Too many of its students are defaulting on their loans, putting the school at risk of federal sanctions. Rather than risk losing access to federal Pell grants and work-study funds, Nashville State might cut its losses — by cutting its ties to the federal student loan program.
"The train wreck is coming, so why don't you get off the train?" said Nashville State President George Van Allen, who will make his decision sometime in the coming year.
As a result, 22 percent of Tennessee community college and technology center students had no access to federal student loans as of 2008, according to the Project on Student Debt. The nonprofit opposes the idea of public community colleges cutting ties to the federal Stafford loan program.. . .
The entire state of Tennessee has one of the highest student default rates in the nation — 8.8 percent in 2008. That figure is expected to increase significantly as schools move to a new system that calculates loan debt over a three-year period, rather than the old two-year system.About a quarter of Nashville State's students take out federal student loans — and about a quarter of that number fail to make their loan payments and go into default within three years of graduation.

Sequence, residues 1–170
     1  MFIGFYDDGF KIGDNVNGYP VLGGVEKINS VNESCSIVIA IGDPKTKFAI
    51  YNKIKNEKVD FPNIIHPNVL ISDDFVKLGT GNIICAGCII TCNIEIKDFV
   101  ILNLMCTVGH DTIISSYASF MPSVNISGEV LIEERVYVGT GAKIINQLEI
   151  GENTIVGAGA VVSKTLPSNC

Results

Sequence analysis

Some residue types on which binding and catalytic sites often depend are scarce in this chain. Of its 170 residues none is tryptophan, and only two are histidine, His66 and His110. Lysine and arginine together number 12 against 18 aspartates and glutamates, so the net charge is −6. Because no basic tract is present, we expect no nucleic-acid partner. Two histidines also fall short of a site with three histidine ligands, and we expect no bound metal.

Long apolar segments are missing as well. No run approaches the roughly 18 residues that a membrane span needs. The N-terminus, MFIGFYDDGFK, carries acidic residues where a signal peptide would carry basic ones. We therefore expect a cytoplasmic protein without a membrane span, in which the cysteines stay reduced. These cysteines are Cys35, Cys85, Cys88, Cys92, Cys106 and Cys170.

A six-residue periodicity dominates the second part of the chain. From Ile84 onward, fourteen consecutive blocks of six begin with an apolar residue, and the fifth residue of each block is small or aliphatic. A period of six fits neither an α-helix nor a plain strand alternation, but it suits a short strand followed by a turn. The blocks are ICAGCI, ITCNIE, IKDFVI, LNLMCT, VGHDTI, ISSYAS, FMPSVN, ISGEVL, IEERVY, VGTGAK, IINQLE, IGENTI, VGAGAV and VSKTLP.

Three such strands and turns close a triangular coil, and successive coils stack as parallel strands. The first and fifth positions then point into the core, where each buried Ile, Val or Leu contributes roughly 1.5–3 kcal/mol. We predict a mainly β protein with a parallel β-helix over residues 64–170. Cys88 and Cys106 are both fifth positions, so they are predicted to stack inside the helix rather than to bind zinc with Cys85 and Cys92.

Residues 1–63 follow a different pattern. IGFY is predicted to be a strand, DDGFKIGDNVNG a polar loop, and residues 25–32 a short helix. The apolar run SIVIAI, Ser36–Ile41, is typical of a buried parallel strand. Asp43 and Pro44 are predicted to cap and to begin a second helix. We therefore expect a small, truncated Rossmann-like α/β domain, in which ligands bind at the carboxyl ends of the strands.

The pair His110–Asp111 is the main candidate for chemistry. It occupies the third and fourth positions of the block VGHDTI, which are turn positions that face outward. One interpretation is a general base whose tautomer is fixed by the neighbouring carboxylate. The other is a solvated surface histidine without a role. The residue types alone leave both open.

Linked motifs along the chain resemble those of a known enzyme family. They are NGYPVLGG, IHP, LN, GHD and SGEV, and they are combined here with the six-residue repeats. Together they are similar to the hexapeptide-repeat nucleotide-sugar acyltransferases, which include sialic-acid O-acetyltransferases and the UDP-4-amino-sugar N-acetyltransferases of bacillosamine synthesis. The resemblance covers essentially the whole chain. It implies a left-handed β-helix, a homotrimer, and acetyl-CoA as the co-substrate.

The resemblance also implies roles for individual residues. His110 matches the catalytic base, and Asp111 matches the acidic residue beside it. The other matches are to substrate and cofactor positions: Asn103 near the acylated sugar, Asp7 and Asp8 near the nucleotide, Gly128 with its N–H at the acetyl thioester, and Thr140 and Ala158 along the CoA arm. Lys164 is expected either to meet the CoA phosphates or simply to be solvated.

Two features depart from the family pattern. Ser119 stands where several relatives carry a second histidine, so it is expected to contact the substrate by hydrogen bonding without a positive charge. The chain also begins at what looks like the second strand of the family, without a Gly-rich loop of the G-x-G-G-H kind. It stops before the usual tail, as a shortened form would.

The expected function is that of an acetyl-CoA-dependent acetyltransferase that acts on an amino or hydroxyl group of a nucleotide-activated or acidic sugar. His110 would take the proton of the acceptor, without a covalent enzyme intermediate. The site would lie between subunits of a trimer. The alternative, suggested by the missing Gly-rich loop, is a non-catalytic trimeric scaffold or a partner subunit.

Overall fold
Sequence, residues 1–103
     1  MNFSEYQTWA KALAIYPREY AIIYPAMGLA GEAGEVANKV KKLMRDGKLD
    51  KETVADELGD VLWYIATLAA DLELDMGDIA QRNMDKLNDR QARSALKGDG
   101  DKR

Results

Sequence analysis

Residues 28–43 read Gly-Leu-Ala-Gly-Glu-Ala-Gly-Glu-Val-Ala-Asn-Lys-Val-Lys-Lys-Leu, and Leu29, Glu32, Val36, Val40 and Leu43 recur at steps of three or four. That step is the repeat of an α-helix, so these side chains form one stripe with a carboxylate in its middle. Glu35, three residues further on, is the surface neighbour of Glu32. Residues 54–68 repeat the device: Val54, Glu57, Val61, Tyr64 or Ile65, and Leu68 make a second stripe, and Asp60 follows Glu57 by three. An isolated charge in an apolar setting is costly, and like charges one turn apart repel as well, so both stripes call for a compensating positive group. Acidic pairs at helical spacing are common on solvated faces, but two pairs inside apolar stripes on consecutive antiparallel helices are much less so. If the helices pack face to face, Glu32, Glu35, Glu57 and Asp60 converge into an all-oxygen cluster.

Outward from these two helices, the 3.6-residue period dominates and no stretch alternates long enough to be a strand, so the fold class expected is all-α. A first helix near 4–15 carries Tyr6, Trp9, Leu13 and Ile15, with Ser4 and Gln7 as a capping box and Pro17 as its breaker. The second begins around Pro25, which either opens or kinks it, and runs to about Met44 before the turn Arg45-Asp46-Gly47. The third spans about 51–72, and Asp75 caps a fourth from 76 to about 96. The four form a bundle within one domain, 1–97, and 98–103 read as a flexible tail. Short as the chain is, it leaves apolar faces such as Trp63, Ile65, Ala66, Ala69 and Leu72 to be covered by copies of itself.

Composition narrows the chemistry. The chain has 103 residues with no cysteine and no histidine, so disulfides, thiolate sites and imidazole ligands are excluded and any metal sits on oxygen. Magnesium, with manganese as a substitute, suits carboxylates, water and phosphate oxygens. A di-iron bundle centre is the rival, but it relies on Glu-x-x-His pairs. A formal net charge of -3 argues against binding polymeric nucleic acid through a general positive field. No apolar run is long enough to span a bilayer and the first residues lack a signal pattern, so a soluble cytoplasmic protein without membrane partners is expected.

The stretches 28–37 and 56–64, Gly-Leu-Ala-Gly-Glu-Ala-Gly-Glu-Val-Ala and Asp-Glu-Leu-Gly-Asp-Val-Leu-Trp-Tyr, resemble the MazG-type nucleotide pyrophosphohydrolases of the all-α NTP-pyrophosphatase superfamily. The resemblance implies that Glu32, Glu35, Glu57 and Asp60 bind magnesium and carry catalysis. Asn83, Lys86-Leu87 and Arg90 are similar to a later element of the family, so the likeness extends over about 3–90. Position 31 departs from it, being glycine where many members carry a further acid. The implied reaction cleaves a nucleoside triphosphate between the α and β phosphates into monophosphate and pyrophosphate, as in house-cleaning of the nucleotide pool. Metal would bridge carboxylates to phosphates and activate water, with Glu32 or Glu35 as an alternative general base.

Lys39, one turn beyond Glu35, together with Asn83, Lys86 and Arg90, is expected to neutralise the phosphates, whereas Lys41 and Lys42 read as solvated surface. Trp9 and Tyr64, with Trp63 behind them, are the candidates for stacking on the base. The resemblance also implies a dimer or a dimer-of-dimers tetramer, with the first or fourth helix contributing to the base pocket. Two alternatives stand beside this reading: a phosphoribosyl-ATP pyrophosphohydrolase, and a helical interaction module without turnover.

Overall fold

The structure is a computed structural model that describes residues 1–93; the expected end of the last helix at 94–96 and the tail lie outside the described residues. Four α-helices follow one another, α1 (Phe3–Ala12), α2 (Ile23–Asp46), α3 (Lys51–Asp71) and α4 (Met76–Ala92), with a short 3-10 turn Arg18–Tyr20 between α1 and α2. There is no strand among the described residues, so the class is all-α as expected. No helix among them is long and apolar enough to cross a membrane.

In 2008, Nashville State's student loan default rate topped 13 percent. Under a new U.S. Department of Education calculation that considers a school's default rate for three years instead of the current two, Nashville State's will be almost 25 percent. If a school's default rate tops 30 percent for three years, the department starts cutting off its access to other federal student aid programs.